Combined Sensory Impairment (Deaf-Blindness) in Five Percent of Adults with Intellectual Disabilities/Meuwese-Jongejeugd, A.; van Splunder, Jacques; Vink, Marianne; Stilma, Jan Sietse; van Zanten, Bert; Verschuure, Hans; Bernsen, Roos; Evenhuis, Heleen, AMERICAN JOURNAL OF MENTAL RETARDATION, vol. 113, #4, July 2008, pp. 254-262. (2008) The purpose of this cross-sectional study with 1,598 adult clients who had intellectual disabilities was to obtain valid prevalences of sensory impairments and to identify associations. The diagnoses were made through ophthalmologic and audiometric assessments, applying WHO/IASSID definitions. The prevalence of deafblindness in this population was 5.0% (2.9% for those less than 50 years and 11.0% for those age 50 older). Apart from being 50 years of age and over, risk factors for deafblindness within the population were more severe intellectual disability and Down Syndrome. Results show that the risk of combined sensory impairment in this population is considerably increased compared with the general population. However, the complete diagnosis had been identified in only 12%.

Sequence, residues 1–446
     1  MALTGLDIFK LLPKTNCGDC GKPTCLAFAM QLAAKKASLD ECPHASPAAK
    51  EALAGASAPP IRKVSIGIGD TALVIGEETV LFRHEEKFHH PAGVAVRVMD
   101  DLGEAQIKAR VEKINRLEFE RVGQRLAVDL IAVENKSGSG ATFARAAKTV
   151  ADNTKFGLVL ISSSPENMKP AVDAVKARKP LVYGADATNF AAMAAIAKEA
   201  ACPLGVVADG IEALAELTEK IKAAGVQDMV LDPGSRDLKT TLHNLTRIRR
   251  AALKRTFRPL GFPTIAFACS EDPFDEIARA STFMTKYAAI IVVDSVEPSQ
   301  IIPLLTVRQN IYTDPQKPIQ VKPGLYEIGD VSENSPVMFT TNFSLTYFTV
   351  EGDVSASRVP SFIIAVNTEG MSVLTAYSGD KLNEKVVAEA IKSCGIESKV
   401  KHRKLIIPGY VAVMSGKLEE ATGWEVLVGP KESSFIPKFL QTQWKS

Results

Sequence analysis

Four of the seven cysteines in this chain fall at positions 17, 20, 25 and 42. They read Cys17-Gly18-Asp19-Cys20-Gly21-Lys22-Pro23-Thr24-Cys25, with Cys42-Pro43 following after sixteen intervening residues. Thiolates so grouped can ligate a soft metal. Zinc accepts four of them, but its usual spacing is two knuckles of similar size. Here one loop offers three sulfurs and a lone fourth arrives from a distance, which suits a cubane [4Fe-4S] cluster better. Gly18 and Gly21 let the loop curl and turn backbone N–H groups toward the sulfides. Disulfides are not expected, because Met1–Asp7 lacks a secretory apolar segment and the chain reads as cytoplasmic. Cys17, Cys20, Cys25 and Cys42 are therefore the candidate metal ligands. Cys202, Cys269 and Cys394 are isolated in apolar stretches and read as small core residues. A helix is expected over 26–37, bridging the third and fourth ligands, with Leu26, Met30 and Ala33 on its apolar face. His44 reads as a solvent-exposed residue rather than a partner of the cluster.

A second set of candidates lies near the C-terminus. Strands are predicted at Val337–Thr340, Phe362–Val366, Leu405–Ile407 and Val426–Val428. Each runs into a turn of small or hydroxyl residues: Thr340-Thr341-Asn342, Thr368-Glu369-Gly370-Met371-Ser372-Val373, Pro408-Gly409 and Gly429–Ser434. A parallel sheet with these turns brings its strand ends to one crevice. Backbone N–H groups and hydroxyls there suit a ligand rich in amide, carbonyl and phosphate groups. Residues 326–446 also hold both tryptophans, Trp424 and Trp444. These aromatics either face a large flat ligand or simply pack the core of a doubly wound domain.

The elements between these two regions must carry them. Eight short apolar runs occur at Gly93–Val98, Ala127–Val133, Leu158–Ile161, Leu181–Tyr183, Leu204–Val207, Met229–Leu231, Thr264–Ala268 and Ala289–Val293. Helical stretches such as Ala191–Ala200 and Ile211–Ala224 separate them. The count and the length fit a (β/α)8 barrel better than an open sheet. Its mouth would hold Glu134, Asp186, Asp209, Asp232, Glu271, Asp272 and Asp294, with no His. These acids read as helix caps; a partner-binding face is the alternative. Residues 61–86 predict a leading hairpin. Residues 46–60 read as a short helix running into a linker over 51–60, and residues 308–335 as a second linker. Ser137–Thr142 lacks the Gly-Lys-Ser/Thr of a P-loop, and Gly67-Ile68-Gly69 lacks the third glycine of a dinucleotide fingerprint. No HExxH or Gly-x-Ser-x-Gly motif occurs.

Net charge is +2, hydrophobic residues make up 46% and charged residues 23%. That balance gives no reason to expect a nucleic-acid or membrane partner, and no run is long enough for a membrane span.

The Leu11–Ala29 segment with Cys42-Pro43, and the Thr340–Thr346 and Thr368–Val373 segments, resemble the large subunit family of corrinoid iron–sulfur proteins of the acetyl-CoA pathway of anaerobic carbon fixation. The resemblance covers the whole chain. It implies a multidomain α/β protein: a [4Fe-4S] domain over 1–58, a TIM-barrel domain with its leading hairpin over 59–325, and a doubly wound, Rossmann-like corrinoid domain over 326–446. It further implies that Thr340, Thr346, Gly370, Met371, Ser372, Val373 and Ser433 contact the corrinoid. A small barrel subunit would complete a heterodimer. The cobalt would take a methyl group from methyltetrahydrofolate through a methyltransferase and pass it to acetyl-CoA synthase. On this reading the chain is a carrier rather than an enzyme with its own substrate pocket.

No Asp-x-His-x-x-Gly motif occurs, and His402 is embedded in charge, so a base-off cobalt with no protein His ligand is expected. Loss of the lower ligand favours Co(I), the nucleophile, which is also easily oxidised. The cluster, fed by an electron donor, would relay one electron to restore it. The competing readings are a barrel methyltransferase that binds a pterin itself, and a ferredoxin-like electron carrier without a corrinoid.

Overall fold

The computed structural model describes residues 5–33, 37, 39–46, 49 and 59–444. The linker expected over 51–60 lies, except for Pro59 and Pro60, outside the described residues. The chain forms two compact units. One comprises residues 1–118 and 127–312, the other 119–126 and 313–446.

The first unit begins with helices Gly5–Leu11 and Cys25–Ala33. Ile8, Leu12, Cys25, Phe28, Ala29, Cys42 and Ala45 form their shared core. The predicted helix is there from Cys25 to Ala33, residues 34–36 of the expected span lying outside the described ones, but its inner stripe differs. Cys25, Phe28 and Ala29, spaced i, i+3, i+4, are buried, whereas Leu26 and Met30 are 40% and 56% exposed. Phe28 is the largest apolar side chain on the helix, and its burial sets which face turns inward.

Concurrent Visual and Hearing Impairment and Risk of Mortality --Lam, Byron L.; Lee, David J.; Gomex-Marin, Orlanado; Zheng, Diane; Caban, Alberto J. ARCHIVES OF OPHTHALMOLOGY, vol. 124, January 2006, pp. 95-101. (2006) This study obtained visual and hearing impairment data and survival status data for 116,796 adults aged 18 years and older. A total of 3,620 reported visual impairment only, 12,330 reported hearing impairment only, and 1,461 reported concurrent visual and hearing impairment. Mortality linkage identified 8,949 deaths with an average follow-up of 7.0 years. After controlling for survey design, age, marital status, educational level, self-rated health, and a number of nonocular and nonauditory conditions, white participants and "other-race" participants, but not African American participants, reporting concurrent visual and hearing impairment had significantly increased risk of mortality in comparison with their counterparts reporting no impairment. Risk of mortality was generally greater for participants reporting concurrent impairment as compared with that for participants reporting either visual impairment alone or hearing impairment alone. Conclusions: In the United States, white persons and those of other races, but not African American persons, reporting concurrent visual and hearing impairment have an increased risk of mortality. Reported concurrent impairment is an independent predictor of mortality among white persons and those of other races for both men and women. Available on the web: